Today belonged to me. This was my day to shine. Usually, I was the guy causing unexpected chaos and destruction. Today, I’d be causing expected chaos and destruction along with thousands of others. Yes, I would finally fit in, be one of the crowd, join the hordes of like-minded people gathering in the same place for the same purpose. Oh, how liberating it felt to be part of something bigger than myself, this time without being involved in illegal “human Voltron” experiments.
My eyes scanned the crowd of people waiting outside the closed doors. We were mere minutes away from all hell breaking loose. I could feel the tension and excitement. People were growing impatient, pushing and shoving to get a better spot.
I did no pushing.
I did no shoving, either.
I’d already claimed the perfect spot. One where I could remain uncontested. I smiled. Once again, I turned out to have been smarter than the rest.
The doors would open any moment now. I stretched, anticipating the fun ahead. Finally, two store attendants showed up and made their way to the front of the crowd. They unlocked the doors and began the countdown.
“Ten, nine, eight, seven, six,” at this point, the rest of the crowd joined in, “FIVE, FOUR, THREE, TWO, ONE…”
“BLAAAAACK FRIDAAAAAAAAAAAAAAAAAAY!” I bellowed and jumped down onto the unsuspecting crowd below from the second-story ledge I’d been hiding up on. My feet made impact with a few heads and faces, and the rest of my body soon followed. I landed right in the middle of the shuffling mass of people, who were clearly surprised by my masterfully planned, perfectly timed, and impeccably executed stunt. Some of them screamed, others shrieked. All of them were clearly unprepared for the strategy I’d chosen. I used the element of surprise to grab a bag from one of the nearby women while simultaneously performing a leg sweep on the man to her left. This was playing out almost exactly the way I’d seen Black Friday play out on TV. So far so good.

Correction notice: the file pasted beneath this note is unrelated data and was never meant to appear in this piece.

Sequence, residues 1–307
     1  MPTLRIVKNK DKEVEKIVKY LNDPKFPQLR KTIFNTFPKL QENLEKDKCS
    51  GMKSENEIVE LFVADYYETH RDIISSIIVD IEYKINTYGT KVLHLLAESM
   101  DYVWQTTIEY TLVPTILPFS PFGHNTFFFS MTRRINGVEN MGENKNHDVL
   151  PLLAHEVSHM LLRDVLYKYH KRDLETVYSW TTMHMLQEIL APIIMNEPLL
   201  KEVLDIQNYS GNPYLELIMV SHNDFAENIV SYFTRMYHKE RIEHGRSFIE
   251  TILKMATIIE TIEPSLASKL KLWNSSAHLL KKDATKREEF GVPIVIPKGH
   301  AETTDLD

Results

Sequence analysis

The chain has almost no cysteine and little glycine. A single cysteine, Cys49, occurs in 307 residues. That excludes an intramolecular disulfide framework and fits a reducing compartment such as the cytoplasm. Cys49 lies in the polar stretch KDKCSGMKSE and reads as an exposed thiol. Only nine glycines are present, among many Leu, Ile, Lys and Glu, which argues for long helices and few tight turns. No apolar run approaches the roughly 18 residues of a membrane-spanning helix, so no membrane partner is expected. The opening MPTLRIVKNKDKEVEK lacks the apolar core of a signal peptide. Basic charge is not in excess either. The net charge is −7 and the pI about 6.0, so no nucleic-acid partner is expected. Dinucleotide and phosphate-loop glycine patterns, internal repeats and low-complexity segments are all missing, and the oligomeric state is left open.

It was only in the middle of taking down the fifth person that I’d noticed nobody else seemed to be participating in this rambunctious, no-holds-barred merriment. In fact, most people looked decidedly appalled and even angry. By inertia, I pushed and tripped a couple of more people, but soon my wild swinging and punching slowed and ultimately came to a complete halt. What was wrong? Why were these people just standing there, as if this wasn’t the one day of the year when we were all supposed to partake in state-sanctioned violence?
“What is wrong? Why are you people just standing there, as if this isn’t the one day of the year when we are all supposed to partake in state-sanctioned violence?” I demanded.
“Because it isn’t, you goddamn psycho!” someone yelled.
I looked around. The people I’d tackled were getting up from the ground, rubbing their injuries and shaking their heads. Everyone else was looking on in what I could sense was severe disapproval. It appeared my understanding of the concept of Black Friday—which, like most things in my life, was based mainly on what I’d picked up from watching funny YouTube clips—was somewhat incomplete. Not to worry: If my similar past experiences were anything to go by, I’d easily find a way to navigate the situation.
“Moron,” the victim of my leg sweep said, “What’s your deal? And what’s with the hideous black rags you’re wearing?!”
“These are not rags,” I declared with pride, “It’s my ninja outfit!”
People in the crowd started muttering and exchanging glances. I could tell by their confusion that they were woefully unfamiliar with the honorable men and women of the ninja persuasion. I continued:
“Ninja—also known as shinobi—were elite covert agents in feudal Japan. They carried out risky assignments, such as–”
“We know what ninjas are, you tool. Why are you dressed as one?” spoke the leg-swept man.